As annoying as all of this can be, we have gotten used to it. However these issues arose again when we started calling around asking about family bikes we could test ride, and why there were so few electric assist cargo bikes designed to handle steep hills in the US. There aren’t many electric assist cargo bikes anyway. When you start asking about taking them up mountains, or adding an electric assist to a bike like a Bakfiets, bike shops often get very quiet. A few shops claimed that electric assists were only designed for mild hills and to go longer distances, not to haul heavy loads up steep hills. This is clearly not true, as there are electric assist cargo bikes all over Europe designed for hills: e.g. an assisted Workcycles FR8, an iBullitt, and according to the German bakery we visited in Bellingham, every delivery bike used in Germany. The whole situation was starting to tick me off. I could get strong enough to haul my kids on long distance rides (and I have). I cannot get strong enough to haul my kids up truly steep hills as they get heavier, and even if I wanted to, putting them on the back of the bike on a steep hill has sometimes led to the front wheel lifting off the ground. They’re not strong enough to ride uphill themselves, and there’s too much traffic for them to be safe even if they could. People who want to ride an extra couple of miles don’t need an electric assist like people who live on the top of steep hills do. WTF, bike manufacturers?

I give Portland family bike shops (and a couple of San Francisco bike shops, Everybody Bikes and The New Wheel) credit here because when I asked this they gave me honest answers. It is, evidently, not a huge problem to put an electric assist on a bike to get it up a steep hill. It can, however, be a huge problem getting the bike+cargo back down that same hill safely. We rolled our eyes a little when we heard that because we’re already going down those kinds of hills fully loaded, so no new news here. But manufacturers are apparently concerned about the limits of bicycle brakes going downhill. The brakes on many cargo bikes are not up to the task; as proof, there’s our experience with the MinUte.

Evidently manufacturers are also concerned about the liability they’d face if someone who wasn’t attuned to these problems had the worst happen going downhill on an assisted cargo bike. Personally I think that’s a copout. I know parents who’ve been pulled or pushed down hills by trailers, who’ve broken spokes or had rear wheels taco or screwed up frames and gearing carrying kids up and down steep hills (cough cough… me). They don’t sue the bike or trailer or wheel manufacturers. They start looking for a better cargo bike. But there are currently very few better bikes, at least in the US, and the ones that do exist have appeared in the last year or two. So most parents in our situation have either kludged something together or started driving.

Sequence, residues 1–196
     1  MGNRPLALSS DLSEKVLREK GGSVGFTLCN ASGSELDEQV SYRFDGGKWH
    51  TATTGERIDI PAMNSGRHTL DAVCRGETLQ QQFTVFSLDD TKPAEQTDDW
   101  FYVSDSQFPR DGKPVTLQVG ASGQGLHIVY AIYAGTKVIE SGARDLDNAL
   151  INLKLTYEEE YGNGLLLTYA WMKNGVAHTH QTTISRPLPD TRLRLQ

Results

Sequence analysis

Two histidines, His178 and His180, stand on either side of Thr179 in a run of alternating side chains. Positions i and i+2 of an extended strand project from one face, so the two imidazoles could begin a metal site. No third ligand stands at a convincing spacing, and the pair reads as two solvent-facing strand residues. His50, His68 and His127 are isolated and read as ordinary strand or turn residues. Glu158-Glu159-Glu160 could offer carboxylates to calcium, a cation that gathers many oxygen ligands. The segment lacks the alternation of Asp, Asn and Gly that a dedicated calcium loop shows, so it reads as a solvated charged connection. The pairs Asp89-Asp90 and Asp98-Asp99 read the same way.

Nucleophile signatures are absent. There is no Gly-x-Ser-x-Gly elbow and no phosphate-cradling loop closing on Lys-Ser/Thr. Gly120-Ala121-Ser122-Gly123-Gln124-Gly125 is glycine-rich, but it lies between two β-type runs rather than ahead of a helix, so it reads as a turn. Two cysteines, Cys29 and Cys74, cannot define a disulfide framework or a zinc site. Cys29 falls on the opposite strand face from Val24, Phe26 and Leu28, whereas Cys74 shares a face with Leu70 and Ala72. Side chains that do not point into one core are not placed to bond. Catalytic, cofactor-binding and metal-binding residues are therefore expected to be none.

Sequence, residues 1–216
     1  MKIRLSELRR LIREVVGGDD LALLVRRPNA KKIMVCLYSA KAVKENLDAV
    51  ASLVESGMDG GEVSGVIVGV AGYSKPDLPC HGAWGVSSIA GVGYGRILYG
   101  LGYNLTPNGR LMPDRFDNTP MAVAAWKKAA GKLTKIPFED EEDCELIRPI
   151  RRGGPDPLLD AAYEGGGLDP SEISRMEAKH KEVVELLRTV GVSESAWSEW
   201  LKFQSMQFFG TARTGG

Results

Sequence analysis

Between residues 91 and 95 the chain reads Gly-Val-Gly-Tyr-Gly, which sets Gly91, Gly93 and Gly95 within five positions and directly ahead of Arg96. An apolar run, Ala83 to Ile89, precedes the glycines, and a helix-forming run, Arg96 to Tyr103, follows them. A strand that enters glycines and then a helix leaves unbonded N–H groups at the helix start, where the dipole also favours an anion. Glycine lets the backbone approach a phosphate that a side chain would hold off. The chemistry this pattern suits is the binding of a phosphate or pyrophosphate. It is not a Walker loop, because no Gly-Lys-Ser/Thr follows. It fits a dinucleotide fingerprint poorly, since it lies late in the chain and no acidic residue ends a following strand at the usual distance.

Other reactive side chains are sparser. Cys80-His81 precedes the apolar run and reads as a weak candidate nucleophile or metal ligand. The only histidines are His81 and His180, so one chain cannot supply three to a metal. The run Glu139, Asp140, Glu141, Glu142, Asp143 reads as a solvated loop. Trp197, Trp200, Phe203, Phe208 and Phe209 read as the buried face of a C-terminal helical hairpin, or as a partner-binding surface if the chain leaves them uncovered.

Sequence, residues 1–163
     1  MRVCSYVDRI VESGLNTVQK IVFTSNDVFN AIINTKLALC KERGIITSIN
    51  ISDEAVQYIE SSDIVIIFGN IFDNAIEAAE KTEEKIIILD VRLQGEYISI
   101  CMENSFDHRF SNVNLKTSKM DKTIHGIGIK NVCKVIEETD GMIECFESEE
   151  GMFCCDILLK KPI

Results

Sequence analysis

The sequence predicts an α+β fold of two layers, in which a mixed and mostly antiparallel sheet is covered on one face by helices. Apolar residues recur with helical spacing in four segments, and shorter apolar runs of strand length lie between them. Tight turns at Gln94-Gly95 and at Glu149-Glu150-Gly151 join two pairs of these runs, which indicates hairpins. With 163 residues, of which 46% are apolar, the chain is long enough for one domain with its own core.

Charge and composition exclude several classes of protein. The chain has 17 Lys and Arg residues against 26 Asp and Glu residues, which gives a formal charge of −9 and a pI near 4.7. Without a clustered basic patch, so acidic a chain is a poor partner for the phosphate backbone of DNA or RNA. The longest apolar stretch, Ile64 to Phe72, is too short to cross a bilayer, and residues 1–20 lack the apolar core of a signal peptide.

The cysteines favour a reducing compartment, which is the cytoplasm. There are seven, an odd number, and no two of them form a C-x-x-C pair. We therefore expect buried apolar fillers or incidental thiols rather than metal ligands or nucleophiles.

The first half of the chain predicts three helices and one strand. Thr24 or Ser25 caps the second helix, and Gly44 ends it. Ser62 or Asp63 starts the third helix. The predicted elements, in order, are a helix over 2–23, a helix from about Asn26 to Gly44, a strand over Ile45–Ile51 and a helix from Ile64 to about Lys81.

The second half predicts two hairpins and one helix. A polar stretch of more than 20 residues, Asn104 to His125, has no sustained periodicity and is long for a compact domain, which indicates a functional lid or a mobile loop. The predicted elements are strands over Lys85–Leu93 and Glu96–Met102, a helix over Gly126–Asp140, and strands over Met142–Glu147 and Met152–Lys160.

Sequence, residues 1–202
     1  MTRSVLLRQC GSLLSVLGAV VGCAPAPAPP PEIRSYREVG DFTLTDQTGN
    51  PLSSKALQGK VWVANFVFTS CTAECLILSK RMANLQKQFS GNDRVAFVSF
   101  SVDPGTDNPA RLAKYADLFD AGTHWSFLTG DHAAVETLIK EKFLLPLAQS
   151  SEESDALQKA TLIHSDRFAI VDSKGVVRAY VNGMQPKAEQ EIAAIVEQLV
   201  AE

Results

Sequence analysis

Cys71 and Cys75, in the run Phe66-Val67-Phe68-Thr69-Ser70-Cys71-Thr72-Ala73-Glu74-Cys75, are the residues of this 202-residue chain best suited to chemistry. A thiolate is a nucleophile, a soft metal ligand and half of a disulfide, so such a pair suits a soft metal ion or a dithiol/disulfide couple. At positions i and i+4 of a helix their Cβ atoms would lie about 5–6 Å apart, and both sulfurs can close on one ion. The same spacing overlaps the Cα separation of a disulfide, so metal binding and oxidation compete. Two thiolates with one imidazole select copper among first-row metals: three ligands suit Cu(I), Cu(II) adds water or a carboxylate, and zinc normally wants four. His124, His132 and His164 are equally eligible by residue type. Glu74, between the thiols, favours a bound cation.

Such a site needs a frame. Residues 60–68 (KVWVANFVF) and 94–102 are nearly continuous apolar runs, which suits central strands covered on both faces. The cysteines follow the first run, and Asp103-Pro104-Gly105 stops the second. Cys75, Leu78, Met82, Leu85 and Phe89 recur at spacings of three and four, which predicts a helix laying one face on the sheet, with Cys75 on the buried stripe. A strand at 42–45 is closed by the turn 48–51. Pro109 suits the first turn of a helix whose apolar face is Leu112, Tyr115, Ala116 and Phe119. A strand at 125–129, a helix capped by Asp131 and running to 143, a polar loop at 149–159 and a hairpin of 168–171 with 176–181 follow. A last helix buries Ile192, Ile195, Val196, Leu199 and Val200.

A Big Dummy in Bellingham: it is no accident that you can spot this bike all over in hilly cities

At any rate, although we’ll be trying out a lot of family bikes over the next couple of weeks, we have been told in advance that many of them aren’t going to work for us. Xtracycle and assist a commuter bike? Wobbles and fishtails when loaded on steep hills. Bakfiets and trikes? The brakes can’t handle steep downhills and can’t be upgraded, and the bikes themselves are so heavy that better brakes might not work effectively even if they could be added. And so forth. Although we’ll be riding lots of bikes for our own edification, the list of plausible candidates that we could take home to the hills of San Francisco is actually very short, at least for now. I don’t like this, but I have to live with it.

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Family bikes we have seen

I am getting a little better about taking pictures of interesting family bikes we see around the city. Some of them are ridden by people we know, and some of them seem to be just passing through. There are now more manufacturers in the US focused on creating bicycles that work for families–Xtracycle (almost everything) and Surly (Big Dummy), Kona (Ute and MinUte) Yuba (Mundo, elMundo, maybe the as-yet-unrevealed Boda Boda), Metrofiets, KidzTandem–but it’s not a hugely developed market, especially as kids get older. So people often work out their own strategies, and they’re sometimes even more interesting.

Purple tandem with a trailer-bike attachment

This isn’t the best photo, but this bike belongs to a family we know and is a tandem with a trailer-bike attached. The dad is a former mountain bike racer and we see them during member hours at the Academy of Sciences sometimes. Matt caught this picture of one of their many bikes during a party at a mutual friend’s house in the Presidio, although he didn’t see them riding it.

Two recumbents and a trailer at the Palace of Fine Arts

I think these two recumbent bicycle pirates were just passing through, because I’ve never seen them before or since. But these recumbents had a kid trailer (there was a small helmet inside and stuffed animals), and both bikes had an electric assist; one in the front hub and one in the rear hub. I didn’t find the riders but would have liked to ask them the difference. They had very large battery packs which supports my suspicion that they were only visiting San Francisco. Also they were recumbent bicycles, and I’ve never met anyone who liked riding those in city traffic. Yay, tail pipe exhaust. Woo hoo, unlikely to be seen by drivers.

Custom Bilenky kitted out for a family ride

Last but not least is the custom Bilenky I spotted at the Golden Gate Bridge anniversary party, with a child seat added to the rear rack. The dad who was riding it said he had gotten it before he was a parent, but with that much cargo space it seems reasonable enough to squeeze a child seat on somewhere. I have seen pictures of cargo bikes (and cargo scooters) with kids on the front deck, but his son was young and a rear seat is probably safer at that age.

I have a lead on another wild family bike, but no photos yet: to be continued, I hope.